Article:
#280 Star Wars: TIE Fighter

Posted: 16th December 2018 by Jeroen in Games
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747th played so far

Genre: Shoot ‘Em Up
Platform: PC
Year of Release: 1994
Developer: Totally Games
Publisher: LucasArts

There is a subset of Star Wars games that focuses on the space dog fights that are a part of the franchise – small crafts flying around as they chase each other around the large structures. They were even part of the Lego Star Wars games, as annoying as they might have been there.

For me, they were not the favourite part of the series and I’m not very hopeful for the games either. There are four games on the list – two in the Tie Fighter line and two in the newer Rogue Squadron line. I still need to start both and you’ll see Rogue Squadron come around in a few weeks. Today, we fight as part of the empire, so let’s see how we go.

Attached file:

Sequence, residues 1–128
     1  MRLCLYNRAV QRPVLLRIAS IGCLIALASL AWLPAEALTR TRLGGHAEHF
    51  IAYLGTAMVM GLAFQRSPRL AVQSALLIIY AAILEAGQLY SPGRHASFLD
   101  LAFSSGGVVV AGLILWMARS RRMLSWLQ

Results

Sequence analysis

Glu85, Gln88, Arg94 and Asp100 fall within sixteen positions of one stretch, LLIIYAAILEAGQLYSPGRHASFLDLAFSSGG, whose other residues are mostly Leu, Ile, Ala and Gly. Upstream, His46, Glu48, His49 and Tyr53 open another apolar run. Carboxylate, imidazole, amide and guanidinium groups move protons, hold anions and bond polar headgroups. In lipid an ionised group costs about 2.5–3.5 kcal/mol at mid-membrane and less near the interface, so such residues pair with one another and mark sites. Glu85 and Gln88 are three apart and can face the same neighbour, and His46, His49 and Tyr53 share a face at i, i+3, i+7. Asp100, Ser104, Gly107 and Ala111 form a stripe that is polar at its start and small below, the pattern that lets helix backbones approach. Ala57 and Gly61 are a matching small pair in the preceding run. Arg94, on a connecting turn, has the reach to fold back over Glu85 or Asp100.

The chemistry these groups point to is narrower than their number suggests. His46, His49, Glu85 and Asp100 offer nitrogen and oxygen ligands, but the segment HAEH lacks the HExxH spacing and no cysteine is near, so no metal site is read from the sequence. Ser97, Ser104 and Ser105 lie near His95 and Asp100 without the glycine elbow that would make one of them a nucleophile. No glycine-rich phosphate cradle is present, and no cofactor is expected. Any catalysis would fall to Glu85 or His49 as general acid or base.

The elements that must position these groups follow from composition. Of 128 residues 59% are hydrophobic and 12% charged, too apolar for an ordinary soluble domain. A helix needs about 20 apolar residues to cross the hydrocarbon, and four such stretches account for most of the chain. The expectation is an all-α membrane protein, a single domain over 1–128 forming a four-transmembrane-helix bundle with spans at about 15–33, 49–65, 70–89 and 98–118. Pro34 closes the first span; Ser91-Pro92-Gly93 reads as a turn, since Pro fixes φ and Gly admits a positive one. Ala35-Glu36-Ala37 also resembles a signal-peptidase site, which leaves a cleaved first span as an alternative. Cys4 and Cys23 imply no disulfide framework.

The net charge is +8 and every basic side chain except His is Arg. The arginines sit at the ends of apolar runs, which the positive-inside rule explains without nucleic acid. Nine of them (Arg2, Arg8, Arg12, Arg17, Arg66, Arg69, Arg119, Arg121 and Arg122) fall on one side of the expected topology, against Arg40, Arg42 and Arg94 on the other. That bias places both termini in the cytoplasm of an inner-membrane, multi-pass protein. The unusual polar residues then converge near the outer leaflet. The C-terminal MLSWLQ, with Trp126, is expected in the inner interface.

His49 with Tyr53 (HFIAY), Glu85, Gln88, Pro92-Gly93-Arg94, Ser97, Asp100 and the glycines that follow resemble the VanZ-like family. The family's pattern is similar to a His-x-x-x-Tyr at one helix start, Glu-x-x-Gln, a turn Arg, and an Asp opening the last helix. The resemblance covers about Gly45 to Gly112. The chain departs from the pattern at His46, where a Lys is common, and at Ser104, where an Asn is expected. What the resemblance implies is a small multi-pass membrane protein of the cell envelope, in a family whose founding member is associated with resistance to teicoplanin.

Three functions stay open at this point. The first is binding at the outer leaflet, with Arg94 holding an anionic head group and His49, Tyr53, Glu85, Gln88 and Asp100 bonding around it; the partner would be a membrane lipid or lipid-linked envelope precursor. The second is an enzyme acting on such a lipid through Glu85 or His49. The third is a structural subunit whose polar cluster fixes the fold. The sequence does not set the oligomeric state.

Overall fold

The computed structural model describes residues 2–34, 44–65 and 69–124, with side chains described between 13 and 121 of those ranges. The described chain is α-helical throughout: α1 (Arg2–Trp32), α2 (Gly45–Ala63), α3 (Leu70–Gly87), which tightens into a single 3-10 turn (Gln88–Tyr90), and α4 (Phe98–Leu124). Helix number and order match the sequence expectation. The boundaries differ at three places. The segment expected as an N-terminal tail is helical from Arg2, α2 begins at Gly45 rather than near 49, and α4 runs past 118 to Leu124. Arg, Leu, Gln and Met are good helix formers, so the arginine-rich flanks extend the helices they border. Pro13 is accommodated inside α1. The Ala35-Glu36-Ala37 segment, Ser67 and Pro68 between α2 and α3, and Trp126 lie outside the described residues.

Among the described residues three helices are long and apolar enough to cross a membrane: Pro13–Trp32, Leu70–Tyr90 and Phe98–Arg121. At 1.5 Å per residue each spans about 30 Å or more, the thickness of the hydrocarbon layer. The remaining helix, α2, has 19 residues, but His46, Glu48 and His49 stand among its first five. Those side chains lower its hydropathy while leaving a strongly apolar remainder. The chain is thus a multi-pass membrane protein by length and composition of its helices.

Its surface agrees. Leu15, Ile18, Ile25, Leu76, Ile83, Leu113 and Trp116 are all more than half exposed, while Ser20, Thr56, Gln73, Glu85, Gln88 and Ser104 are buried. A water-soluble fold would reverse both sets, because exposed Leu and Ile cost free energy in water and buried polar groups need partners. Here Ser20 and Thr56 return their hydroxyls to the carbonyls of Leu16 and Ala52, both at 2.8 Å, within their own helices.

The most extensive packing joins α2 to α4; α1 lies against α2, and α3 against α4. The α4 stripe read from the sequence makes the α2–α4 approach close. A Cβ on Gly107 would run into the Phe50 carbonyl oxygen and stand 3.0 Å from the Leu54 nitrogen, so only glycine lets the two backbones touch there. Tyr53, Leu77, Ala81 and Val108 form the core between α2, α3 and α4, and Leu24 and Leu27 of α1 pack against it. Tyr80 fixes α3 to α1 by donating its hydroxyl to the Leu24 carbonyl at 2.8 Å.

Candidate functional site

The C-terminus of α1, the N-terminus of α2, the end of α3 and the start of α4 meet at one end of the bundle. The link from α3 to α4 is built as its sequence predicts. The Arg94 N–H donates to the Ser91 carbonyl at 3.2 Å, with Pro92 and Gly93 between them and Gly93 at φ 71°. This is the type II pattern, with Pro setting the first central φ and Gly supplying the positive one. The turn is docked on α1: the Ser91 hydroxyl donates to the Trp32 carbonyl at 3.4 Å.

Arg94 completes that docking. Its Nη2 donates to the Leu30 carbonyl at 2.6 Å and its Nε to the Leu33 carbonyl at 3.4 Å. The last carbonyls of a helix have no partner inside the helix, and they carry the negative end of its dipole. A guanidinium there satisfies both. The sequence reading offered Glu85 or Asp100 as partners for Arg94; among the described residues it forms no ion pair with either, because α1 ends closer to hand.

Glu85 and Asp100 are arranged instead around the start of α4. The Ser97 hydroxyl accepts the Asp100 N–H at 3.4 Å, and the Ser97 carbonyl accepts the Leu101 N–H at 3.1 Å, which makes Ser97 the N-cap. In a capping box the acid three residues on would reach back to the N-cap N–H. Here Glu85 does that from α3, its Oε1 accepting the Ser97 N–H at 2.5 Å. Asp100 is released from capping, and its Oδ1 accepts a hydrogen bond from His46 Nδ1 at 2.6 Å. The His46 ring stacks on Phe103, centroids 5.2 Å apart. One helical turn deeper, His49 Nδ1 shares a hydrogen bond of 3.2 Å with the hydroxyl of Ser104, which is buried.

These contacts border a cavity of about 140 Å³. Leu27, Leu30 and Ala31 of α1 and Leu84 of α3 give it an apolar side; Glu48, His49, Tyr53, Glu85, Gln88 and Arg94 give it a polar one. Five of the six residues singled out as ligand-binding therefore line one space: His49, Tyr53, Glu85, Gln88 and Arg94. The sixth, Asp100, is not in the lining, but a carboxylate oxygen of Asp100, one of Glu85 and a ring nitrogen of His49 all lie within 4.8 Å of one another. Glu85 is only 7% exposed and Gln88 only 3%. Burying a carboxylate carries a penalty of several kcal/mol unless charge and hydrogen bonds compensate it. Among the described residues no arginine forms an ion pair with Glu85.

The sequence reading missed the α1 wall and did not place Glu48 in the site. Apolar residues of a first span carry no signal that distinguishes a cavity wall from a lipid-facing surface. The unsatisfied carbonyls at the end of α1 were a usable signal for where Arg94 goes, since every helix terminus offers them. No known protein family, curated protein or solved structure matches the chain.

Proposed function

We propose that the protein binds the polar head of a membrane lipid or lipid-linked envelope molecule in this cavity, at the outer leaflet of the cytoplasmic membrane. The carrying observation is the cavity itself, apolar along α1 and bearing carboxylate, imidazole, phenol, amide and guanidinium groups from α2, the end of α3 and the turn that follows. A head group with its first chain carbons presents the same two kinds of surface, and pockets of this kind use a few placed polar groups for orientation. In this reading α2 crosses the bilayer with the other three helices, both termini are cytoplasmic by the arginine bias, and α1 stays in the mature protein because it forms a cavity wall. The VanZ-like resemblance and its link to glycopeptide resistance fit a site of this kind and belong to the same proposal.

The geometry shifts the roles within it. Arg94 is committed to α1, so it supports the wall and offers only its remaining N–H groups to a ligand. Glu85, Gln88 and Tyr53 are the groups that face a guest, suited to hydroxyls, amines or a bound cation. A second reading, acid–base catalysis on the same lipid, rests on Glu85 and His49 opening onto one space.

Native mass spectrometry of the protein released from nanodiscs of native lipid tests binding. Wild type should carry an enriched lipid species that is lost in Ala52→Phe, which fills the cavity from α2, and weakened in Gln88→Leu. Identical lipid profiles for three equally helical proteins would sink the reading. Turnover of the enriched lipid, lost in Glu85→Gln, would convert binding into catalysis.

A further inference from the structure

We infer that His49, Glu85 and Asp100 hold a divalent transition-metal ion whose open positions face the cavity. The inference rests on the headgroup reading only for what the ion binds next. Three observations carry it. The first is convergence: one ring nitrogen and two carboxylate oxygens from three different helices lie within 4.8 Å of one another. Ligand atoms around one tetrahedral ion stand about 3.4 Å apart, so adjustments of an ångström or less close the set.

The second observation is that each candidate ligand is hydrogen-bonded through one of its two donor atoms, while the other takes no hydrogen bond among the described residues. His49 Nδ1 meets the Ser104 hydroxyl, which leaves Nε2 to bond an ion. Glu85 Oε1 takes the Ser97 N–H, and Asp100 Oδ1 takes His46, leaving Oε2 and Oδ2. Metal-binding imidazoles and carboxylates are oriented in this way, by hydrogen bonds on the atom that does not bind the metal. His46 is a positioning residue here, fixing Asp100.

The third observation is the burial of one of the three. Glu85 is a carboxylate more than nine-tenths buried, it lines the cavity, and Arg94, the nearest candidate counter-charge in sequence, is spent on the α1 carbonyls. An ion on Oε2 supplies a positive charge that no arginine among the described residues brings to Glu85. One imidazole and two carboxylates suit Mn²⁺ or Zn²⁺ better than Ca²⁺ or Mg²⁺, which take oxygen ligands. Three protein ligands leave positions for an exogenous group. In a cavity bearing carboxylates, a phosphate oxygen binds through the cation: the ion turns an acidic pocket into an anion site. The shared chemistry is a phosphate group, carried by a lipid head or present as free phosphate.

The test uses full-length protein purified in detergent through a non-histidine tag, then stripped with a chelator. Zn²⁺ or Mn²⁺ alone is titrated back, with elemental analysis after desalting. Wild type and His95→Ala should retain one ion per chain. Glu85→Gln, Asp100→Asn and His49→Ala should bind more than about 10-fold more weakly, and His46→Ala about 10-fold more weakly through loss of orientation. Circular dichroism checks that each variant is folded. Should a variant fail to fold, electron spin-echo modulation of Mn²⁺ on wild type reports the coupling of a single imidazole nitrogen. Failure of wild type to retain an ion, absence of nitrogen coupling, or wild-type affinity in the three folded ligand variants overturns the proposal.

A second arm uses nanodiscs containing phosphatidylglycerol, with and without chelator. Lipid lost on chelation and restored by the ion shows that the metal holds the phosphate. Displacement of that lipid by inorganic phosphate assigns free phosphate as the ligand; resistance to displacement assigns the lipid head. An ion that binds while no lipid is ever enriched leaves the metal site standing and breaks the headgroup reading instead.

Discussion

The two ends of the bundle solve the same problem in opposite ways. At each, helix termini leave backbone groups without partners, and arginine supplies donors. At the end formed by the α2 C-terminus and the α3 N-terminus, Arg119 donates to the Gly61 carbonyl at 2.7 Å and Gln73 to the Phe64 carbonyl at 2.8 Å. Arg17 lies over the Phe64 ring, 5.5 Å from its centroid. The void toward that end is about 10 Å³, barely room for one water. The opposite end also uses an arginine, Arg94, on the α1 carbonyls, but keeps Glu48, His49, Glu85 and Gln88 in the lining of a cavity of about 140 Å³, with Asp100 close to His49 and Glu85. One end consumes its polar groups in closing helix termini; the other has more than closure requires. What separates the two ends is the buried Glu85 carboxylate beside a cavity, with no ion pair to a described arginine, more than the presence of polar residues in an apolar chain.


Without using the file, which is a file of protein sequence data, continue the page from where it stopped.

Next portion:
Our Thoughts

One of the things that usually gets me in these games is that they can be disorienting. I don’t think it was as much of an issue with Star Fox, although I remember that as being more on rails, but with the likes of Elite it seemed like that black void didn’t let me orient myself at any point. However, I guess Tie Fighter must have set a new high, as I never felt like I was spending a lot of time figuring out where I’m going.

That made it more fun to go through these space battles, flying up to different craft to check them and chasing enemies. There’s a decent targeting system that gives you a fair amount of control and makes it easier to follow your enemies (including speed matching) or your allies if you need to. You still have to get your aim correct, which isn’t always as easy, but the game kept me from constantly spiralling.

The game still stayed challenging for me, as aiming stayed tricky, and the big long fights got quite tricky to keep up with. It stayed fun to play, however, setting a standard for other games to now live up to.

  1. […] had yet to kick off two Star Wars game series. Star Wars: TIE Fighter was still in the previous fifty and it focused on space combat, becoming incredibly accessible […]